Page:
Human rights have long been ingrained in the ethico-moral, legal and cultural fabric of the international community, and in purportedly shared visions of a global future characterised by the pursuit of freedom, justice and peace for all. Yet, over a half-century on from the adoption of the Universal Declaration of Human Rights (1948), such utopian visions remain fraught with controversy, critique and gross violation when hostile state sovereignties, anti-immigration politics and terrorism have had starkly inhumane consequences for minority groups and displaced peoples across the world. Conversely, this too is a time that has seen NGO’s and civil advocacy groups actively championing human rights as their lingua franca in the fight against the exploitative undercurrents of global capitalist expansion, and an ever-deepening tide of social injustice and inequality.
Few arenas of socio-political life better capture this fundamental tension than those of leisure and sport, where high profile international and global events—as a microcosm of late capitalist entertainment industries at large—have become key sites through which human rights issues and abuses are exposed, contested and at times transformed. To date, however, despite a growing number of leisure and sport scholars engaging with the politics of human rights and civil activism, an integrated scholarly platform has remained elusive. This Special Issue of Leisure Studies, the first of its kind in the field, aims to provide an international platform for critical academic inquiry on the intersections between leisure and sport and human rights.
We invite inter-disciplinary submissions that critically engage with the politics of leisure and sport in official human rights instruments, discourse and praxis, and which shed new light on the historical and philosophical conditions within which the protection and promotion of human rights is made possible. We also invite original contributions from scholars whose empirical research engages with the everyday debates surrounding sport, leisure and human rights in situ, and which deepens our knowledge of how human rights intersect with the struggle against new forms of social inequality, injustice, discrimination and exploitation across the contemporary world.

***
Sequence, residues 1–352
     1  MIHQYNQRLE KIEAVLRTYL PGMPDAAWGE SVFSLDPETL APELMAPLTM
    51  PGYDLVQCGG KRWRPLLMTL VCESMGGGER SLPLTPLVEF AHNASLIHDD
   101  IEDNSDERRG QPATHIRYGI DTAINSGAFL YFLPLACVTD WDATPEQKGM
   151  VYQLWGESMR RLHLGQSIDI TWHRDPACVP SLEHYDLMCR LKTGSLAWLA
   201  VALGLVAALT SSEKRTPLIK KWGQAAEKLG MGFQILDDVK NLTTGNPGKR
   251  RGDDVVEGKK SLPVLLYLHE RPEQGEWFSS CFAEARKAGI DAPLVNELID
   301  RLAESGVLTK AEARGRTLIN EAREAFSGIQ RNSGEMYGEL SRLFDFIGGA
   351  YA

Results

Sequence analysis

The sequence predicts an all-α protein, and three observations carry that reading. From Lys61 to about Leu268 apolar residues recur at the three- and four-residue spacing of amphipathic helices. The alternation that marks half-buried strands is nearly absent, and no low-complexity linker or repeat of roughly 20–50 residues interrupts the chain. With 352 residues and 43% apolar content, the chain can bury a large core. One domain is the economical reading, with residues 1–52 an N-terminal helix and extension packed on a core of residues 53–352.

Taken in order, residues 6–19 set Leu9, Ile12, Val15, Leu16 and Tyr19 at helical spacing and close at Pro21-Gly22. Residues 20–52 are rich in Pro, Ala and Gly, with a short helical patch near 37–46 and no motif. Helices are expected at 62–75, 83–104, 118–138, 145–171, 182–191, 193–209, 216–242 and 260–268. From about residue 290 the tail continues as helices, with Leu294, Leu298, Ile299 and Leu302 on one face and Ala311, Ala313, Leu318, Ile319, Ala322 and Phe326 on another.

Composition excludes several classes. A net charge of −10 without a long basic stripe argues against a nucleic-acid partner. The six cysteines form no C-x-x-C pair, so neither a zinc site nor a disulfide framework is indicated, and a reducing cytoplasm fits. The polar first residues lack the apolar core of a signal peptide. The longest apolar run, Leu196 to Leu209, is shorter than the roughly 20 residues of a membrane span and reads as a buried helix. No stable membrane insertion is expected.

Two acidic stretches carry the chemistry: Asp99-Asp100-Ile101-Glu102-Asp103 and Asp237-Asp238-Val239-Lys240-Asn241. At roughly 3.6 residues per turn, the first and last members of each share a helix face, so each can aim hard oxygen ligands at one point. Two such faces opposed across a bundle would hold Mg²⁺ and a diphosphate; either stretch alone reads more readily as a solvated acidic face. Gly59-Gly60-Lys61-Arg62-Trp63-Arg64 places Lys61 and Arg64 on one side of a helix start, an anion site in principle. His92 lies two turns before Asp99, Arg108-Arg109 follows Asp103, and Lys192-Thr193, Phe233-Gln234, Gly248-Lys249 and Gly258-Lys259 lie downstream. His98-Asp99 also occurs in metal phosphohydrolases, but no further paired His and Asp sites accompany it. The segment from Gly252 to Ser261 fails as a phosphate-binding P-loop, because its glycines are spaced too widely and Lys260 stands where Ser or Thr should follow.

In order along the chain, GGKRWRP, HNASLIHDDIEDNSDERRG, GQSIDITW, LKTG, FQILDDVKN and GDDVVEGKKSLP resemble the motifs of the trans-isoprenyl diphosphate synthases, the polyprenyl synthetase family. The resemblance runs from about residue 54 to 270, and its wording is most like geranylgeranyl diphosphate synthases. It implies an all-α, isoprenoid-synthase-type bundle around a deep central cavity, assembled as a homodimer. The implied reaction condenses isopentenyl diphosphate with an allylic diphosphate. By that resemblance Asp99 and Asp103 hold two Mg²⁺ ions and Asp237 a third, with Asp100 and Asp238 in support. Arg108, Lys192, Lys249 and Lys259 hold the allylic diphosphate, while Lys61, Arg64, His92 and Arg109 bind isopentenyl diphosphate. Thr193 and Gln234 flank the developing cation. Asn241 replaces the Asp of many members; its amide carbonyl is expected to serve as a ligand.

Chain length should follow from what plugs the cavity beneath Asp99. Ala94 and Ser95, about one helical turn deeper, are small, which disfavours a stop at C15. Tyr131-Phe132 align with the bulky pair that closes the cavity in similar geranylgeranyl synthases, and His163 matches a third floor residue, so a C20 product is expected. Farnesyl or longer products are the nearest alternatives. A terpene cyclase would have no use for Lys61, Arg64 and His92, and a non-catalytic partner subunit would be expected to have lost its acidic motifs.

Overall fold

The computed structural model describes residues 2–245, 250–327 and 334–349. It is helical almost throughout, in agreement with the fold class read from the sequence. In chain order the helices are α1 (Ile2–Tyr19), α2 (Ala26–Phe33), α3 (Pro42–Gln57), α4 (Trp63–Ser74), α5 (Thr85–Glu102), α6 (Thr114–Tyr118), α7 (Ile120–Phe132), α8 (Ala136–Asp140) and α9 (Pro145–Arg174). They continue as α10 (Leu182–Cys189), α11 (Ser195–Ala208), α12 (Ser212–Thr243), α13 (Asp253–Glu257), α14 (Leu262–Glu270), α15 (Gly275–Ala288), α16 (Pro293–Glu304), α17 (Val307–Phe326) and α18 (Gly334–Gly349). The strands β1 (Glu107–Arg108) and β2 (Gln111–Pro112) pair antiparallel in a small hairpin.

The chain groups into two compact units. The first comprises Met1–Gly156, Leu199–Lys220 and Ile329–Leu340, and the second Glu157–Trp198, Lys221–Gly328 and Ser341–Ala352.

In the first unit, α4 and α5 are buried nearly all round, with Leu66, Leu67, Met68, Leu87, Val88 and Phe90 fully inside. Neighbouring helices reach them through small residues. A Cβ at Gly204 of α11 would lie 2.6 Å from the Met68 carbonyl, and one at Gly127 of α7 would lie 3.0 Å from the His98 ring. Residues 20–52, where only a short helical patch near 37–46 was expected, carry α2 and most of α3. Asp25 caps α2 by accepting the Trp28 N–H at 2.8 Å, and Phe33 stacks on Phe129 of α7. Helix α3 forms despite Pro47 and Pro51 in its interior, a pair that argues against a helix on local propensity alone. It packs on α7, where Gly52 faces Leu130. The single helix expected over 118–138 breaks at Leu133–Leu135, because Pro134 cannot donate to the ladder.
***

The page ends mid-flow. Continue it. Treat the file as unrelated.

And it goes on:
This Special Issue aims to:
- Encourage inter-disciplinary critical analyses of the intersections between human rights policy and praxis, and events, leisure or sport research.
- Document rigorous scholarship which critically engages with the universal instruments and ideologies, cultural paradoxes and contradictions, of human rights as they manifest in, and variously shape, the consumption and politics of events, leisure or sport.
- Provide a world leading and original collection of articles that shed light on the contemporary significance of events, leisure or sport in offering a ‘window’ onto some of the most profound dilemmas, questions and challenges facing human rights praxis.
- Ascertain an agenda-setting analysis of the promises and pitfalls of a human rights approach, exploring how allied forms of civil protest, advocacy and activism are serving to (re)shape the organisation, production and consumption of events, leisure or sport.
Possible topics include (but are not limited to):
- Human rights, cultural relativism and leisure/sport
- Sport and the European Convention on Human Rights
- Human rights and international sports governance
- Globalised leisure/sport business and human rights
- Athlete rights, and social media
- Children’s rights, work/leisure and play
- Events/leisure/sport and the Convention on the Elimination of All Forms of Discrimination Against Women (CEDAW)
- Events/leisure/sport and the Convention on the Rights of Persons with Disabilities
- Mega events and the rights of indigenous peoples
- Human rights, event/sport sponsorship, the environment and sustainability
- Civil disobedience and events as protest and civil activism
- Transforming human rights through events, leisure or sport praxisResisting the globalisation and colonisation of sport/leisure through human rights praxis
All manuscripts must be submitted by 31st August 2016. This includes original papers of 7,000 words and research notes of 4,000 words. For submission details go to the Leisure Studies home page.